Choi Byung Eun, president and CEO of South Korean firm Shinui Petra, is a big fan of its Manitowoc MLC650 crawler crane, which is in constant high demand and earns the company premium rental rates.
Leading South Korean rental company Shinui Petra truly understands the benefit of buying cranes from Manitowoc. The company enjoys solid returns from its three Potain MR 608 and four Potain MCR 225 A luffing jib tower cranes, as well as its four Model 12000s and one MLC165 crawler cranes. But the real jewel in the company’s crown is its huge Manitowoc MLC650 with VPC-MAX (Variable Position Counterweight) option that provides a maximum load capacity of up to 700 t with a 146 m boom.
As one of Manitowoc’s leading customers in the country, Shinui Petra took delivery of South Korea’s first MLC650 in early 2016. It was immediately put to work, on several major projects and has recently completed work on Samsung’s microchip factory in Pyeongtaek. Its latest project is at a wind farm in the southwest of the country.
“When it comes to wind tower erection or maintenance jobs in tight or congested areas for heavy industry, the MLC650 has no competition,” said Shinui Petra president and CEO, Choi Byung Eun. “It’s the only crane that can do such heavy work in these confined spaces without touching the ground beyond the crawlers because its counterweight stays elevated.”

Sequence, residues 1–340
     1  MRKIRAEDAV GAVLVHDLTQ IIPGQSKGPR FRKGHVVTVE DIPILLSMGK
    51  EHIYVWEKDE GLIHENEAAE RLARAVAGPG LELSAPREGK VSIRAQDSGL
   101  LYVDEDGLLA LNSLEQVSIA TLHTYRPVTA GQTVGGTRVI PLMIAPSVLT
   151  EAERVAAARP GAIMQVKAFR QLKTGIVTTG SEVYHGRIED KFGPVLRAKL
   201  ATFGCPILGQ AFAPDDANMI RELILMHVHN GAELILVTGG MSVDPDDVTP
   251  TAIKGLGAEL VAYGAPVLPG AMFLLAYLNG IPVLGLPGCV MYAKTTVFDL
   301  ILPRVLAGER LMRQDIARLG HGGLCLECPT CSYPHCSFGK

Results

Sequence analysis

The VPC-MAX system means that the MLC650 only requires around one tenth of the ground preparation that competitor cranes need.
“This is one reason why some companies won’t allow the use of any other crane,” Choi continues. “In fact, one large Korean conglomerate prefers Manitowoc crawler cranes and Grove all-terrain cranes, because they are faster, more assured, more efficient, and more powerful.”
These advantages pay dividends for companies involved at every level of the project, he adds: “Because the contractors can save substantial land preparation, logistic and assembly costs, there are no complaints when we ask for a rental fee that’s 20-30% higher. Its productivity is much higher, so the contractors still end up making more money than they would with competing models.
As for the end customer, any higher contract cost is more than compensated for by the ability to begin commercial production earlier. For example, petrochemical or microchip factories can invoice millions of dollars per day – so if the use of an MLC650 shortens the build by a week, they could already have earned tens of millions of dollars in the time it would have taken for a cheaper crane to finish the job.”
With these kinds of results it’s easy to see why the MLC650 is such a profitable performer for Shinui Petra and why president and CEO Choi Byung Eun has such love for the machine.